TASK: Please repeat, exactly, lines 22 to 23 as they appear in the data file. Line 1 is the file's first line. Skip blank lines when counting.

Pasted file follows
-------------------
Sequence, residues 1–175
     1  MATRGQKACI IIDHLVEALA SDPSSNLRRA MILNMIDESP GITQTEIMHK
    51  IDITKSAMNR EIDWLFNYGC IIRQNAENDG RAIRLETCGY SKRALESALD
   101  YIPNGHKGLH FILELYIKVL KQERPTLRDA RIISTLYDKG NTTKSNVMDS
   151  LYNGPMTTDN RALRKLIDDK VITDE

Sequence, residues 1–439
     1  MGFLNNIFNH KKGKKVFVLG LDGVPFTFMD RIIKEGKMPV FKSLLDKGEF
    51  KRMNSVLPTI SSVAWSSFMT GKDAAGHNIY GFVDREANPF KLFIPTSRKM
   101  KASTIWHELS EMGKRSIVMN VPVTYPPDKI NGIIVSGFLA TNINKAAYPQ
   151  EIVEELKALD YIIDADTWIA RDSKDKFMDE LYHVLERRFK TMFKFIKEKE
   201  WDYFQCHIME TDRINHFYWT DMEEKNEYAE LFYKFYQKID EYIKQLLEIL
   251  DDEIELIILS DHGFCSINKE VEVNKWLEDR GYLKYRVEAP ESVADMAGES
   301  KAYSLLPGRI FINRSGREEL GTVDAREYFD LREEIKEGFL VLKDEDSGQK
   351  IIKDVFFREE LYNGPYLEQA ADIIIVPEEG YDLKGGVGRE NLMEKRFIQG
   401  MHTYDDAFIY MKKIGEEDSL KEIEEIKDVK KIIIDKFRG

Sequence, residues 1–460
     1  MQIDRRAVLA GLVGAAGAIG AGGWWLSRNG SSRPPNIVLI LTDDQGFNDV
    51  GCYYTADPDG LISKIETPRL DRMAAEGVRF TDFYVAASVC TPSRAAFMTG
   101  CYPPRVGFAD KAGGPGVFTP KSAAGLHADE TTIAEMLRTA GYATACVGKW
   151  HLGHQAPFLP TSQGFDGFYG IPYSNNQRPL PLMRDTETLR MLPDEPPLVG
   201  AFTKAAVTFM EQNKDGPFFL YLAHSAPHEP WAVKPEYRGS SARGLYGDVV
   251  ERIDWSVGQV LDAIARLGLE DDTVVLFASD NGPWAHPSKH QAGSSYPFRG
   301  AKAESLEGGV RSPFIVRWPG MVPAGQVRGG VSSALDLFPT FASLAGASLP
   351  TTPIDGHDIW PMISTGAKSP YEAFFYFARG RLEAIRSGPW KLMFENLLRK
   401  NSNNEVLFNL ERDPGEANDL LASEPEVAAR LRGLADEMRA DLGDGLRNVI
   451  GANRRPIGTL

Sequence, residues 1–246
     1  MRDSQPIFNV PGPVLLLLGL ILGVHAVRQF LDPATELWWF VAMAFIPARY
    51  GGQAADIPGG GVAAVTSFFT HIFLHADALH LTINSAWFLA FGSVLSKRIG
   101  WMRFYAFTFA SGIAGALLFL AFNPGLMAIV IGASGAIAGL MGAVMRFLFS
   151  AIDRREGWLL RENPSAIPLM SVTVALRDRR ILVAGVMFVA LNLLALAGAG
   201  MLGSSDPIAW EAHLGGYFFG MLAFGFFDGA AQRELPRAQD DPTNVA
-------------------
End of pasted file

   251  ERIDWSVGQV LDAIARLGLE DDTVVLFASD NGPWAHPSKH QAGSSYPFRG
   301  AKAESLEGGV RSPFIVRWPG MVPAGQVRGG VSSALDLFPT FASLAGASLP